ERUUF’s policies are informed by safety guidance from the CDC, NC Department of Public Health, and the UUA. Our Sunday services, classes and most groups are online only at this time. It is possible for small groups to reserve outdoor meeting space on campus. See guidelines here.

We understand how challenging covid isolation is, and that the stress of the pandemic is taking a toll on each of us. We are very eager to welcome people back to campus just as soon as it’s safely possible.  Despite recent easing of restrictions, we continue to proceed carefully.   

Vaccinations 

At this date, 10% of all North Carolinians are fully vaccinated. Vaccinations are rolling out smoothly though not equitably. The state has opened vaccinations for Groups 1 (acute and emergency personnel, and care facility residents), Group 2 (people over 65), and Group 3 (part 1: teachers, part 2: all other essential workers, which includes clergy but not church employees).  Vaccinations open to Group 4 on March 24 (possibly sooner if vaccines are available). Group 4 includes anyone age 16-64 with an underlying medical condition. Group 5 will be eligible after this and includes everyone age 16-64 who’s not been vaccinated. You can find your group here

To schedule an appointment, fill out a form on the website of any North Carolina County Health Department, or a hospital or pharmacy website. You can register with multiple sites. There now are a few more clinics set up in minority neighborhoods; appointments there are more accessible by phone. There are also mass vaccination sites operating in Greensboro and Raleigh. After you get onto a waiting list you will be contacted to schedule a vaccine appointment.   

Covid-19 vaccines are not approved at this time for children under the age of 16.  Also, some people with particular health conditions are not able to receive the vaccine. To protect all these people, individuals who are vaccinated are asked to continue to wear a mask to protect others who are vulnerable, and until more is known about how the disease is transmitted (or not) by vaccinated people.  

New this week, the CDC has said that it’s safe for those who are vaccinated to gather in private homes with small groups of other vaccinated people, or with family members who are not vaccinated (and don’t have underlying health conditions). Though many experts disagree, restaurants, bars, schools, gyms, sporting events, and other businesses are now open at greater capacity. So what about congregations?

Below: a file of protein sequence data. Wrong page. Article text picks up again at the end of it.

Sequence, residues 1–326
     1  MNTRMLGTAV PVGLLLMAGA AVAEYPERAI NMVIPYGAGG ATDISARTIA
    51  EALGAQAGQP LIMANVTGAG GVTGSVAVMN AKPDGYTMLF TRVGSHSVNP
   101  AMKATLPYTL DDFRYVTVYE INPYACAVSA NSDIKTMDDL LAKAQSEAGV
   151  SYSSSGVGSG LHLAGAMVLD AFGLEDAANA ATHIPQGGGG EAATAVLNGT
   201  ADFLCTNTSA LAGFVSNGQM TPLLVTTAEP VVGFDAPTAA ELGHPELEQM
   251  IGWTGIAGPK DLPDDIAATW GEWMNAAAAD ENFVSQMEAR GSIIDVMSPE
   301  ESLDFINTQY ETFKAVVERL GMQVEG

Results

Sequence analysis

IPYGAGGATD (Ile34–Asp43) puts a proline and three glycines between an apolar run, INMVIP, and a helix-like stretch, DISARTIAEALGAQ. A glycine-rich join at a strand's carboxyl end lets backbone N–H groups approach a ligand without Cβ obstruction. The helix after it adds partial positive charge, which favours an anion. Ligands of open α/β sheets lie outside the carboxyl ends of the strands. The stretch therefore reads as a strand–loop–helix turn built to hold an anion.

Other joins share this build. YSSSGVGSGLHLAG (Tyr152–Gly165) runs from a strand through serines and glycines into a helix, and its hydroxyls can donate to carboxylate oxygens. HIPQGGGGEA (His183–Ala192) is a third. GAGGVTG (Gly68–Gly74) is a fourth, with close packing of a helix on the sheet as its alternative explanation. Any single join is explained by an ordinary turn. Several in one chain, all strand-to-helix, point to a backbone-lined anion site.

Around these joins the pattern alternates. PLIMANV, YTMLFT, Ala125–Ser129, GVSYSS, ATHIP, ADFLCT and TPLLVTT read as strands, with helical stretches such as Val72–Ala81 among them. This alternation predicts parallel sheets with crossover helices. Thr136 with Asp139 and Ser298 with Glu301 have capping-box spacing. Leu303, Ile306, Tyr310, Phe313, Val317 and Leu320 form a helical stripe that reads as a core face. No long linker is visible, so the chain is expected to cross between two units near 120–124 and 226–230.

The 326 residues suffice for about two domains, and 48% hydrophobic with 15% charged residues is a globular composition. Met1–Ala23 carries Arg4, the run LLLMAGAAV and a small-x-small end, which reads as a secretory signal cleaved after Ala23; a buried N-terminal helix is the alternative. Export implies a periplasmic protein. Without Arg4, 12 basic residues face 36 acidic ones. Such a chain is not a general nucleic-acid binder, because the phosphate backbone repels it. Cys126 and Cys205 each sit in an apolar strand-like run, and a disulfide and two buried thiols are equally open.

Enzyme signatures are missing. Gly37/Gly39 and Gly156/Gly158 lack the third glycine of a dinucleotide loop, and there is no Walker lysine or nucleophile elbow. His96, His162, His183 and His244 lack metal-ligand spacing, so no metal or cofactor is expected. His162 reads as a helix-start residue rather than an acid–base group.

Specific Guidelines for Congregations 

As odd as it might seem, it’s important to keep in mind that it might not actually be safe to do all the things officials have made it possible to do.  Also, congregations might need to observe tighter restrictions for a while, because the things we do together carry unique risks: we normally sit and stand close together; we face each other when we speak; we hug and share food together; and most significantly, we sing together. We are not like elementary schools that have some control over where students go, when, and how.  And we don’t want to create a super spreader event by innocently doing something as good as attending a Sunday service. Until more is known about how the virus is transmitted by regular activities at ERUUF, the normal things we do likely will need to be phased back into our community life, even when we’re otherwise able to be together in person.  

We will resume live streaming services from the Sanctuary in mid-March. In order to protect our staff who are still waiting to be vaccinated (and don’t have a choice about where they work) only very small worship and tech teams will be present in the Sanctuary until all are vaccinated and new safety systems are established.  

It’s important to keep in mind that children under the age of 16 will not have been vaccinated, and some adults will not be able to be vaccinated. So, we’ll be in conversation with parents and teachers as we make plans for our children and youth.   

We are highly committed to inclusion and have asked our program leaders to begin to consider ways they can make their groups and classes accessible to all who wish to attend, whether virtually or in person, and we’ll make plans together and share those plans as they’re developed.  

We will continue to live stream Sunday services from this point forward. We’re grateful to the Eno River Fellowship Foundation for significant financial support that enables us to do this.